The equally pretty but long drive back resulted in us chilling out at the hotel before heading into town for dinner. This proved to be a minor triumph for Colin. He’d been dying to try a genuine Spanish paella, but all the restaurants we’d been looking at in Port Soller required a minimum of two people sharing, and Colin didn’t fancy a veggie one. However, in the square in Soller we found several cafes serving single paellas, so that was Colin sorted. We shared another litre of Sangria!
In the morning we drove a little way along the coast to Deia, famous for being both pretty and the home of Robert Graves. We walked around the village, then had coffee in a local bar, and then strolled a bit more until we’d seen enough.
Back to Soller for lunch – tapas at another café. The cafe next door, Sa Granja, looked really nice, and seemed the most popular, so we booked a table there for dinner. It proved to be a good choice, and Colin had another paella!
Friends had recommended a visit to Port de Sa Calobra, but had warned that the road down to it was very narrow and twisty. They were right. Colin was in his element, but Pat declared that if he broke a limb and couldn’t drive back out, we would take the boat to Port Soller and Hertz could come and pick up their car!
Sa Colabra was delightful. A short walk along the sea front took us to a small cove bounded by huge cliffs. A tunnel through one of the cliffs took us to the cove’s tiny beach, behind which was a huge ravine. Quite unexpected and very pretty.
Having worked our way back up to the main road we had intended to drive as far as we could up Puig Major, the highest peak in Mallorca, but the road was closed due, we guessed, to what looked like a permanent military installation.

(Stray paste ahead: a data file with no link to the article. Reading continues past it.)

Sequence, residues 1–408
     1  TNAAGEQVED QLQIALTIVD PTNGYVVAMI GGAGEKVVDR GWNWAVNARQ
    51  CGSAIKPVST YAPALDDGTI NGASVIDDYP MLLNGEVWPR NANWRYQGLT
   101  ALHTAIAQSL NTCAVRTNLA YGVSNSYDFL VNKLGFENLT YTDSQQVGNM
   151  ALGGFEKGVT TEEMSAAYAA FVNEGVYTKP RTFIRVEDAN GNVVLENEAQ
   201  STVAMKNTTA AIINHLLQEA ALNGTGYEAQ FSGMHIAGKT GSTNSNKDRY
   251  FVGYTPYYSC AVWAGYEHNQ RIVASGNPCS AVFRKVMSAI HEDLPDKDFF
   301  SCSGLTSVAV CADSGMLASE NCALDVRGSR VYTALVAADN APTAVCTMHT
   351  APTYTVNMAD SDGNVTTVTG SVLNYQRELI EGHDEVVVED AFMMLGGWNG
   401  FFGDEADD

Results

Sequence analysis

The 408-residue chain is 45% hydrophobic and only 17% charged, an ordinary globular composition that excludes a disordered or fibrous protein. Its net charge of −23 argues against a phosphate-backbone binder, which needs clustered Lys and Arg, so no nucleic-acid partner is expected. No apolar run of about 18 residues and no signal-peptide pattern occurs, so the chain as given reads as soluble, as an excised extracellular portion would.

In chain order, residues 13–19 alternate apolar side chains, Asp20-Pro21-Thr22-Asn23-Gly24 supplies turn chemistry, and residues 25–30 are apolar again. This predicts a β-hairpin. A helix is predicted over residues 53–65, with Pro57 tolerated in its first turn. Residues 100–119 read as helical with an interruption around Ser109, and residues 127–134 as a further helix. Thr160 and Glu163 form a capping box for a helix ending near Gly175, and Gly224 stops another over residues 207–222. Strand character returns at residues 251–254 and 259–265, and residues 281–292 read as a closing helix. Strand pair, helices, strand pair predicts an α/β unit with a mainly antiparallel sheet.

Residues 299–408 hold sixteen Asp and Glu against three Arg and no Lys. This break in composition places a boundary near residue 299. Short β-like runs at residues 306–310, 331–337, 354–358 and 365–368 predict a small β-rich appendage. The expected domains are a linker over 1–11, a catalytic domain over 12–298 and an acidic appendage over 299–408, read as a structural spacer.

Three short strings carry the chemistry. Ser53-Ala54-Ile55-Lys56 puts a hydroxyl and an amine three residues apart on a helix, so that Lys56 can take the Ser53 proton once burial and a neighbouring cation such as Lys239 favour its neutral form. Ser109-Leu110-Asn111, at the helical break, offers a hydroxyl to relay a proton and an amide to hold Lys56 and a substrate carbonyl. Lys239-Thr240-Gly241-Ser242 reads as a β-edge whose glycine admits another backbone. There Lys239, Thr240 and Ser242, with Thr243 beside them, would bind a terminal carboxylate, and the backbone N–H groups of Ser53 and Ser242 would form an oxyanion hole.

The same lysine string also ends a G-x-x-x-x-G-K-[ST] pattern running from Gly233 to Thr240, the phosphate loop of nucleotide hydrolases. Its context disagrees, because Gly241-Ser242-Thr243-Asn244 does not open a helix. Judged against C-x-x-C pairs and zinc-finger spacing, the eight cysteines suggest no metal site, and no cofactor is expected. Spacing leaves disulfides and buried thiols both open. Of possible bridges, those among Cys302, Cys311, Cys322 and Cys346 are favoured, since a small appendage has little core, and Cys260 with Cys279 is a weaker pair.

So it was back to Soller and, inevitably, tapas and a litre of Sangria (this time the upmarket version based on cava) at Sa Granja. As usual we escaped the heat of the afternoon at our hotel, then let the Zumo take us to the Nautilus in Port Soller for our last dinner of the holiday.
The main part of the restaurant at the Nautilus was a terrace right on the edge of a high, vertical cliff, with a lovely view across the bay. The sun was setting as we arrived, a spectacle which kept us enthralled while the hostess sorted out our reservation, which, it turned out, our hotelier had failed to make – at least at that place on that night! Luckily a couple with a reservation for a prime table had failed to turn up, so we took their place! The meal matched the surroundings, so all in all the perfect end to our stay.
Saturday was market day in Soller, so we had a good wander around and took lots of photographs.
Then we checked out of our hotel and drove to Palma. We parked up underground close to the cathedral and then spent a couple of hours wandering around the city. We stopped for some tapas in the main square. They were a little disappointing, partly because we were slow to twig that much of the choice was a question of picking from the trays the waiters brought round.
We nearly got soaked by a couple of heavy thunderous showers, and were unable to look round the cathedral as it was closed for a wedding.
Returning the rental car at the airport was straightforward, finding something to eat less so due mainly to very poor signposting. The flight was delayed for an hour by a bird-strike (full marks to easyJet for keeping us informed via their Android app!), but we duly arrived home safely.
You’ll find a gallery with more of the photos we took, including full-size copies, here.
North-west Mallorca had proved to be delightful, and our accommodation worth the hefty price-tag. We’d had the perfect 15th wedding anniversary. Let’s hope we can match it for our 25th!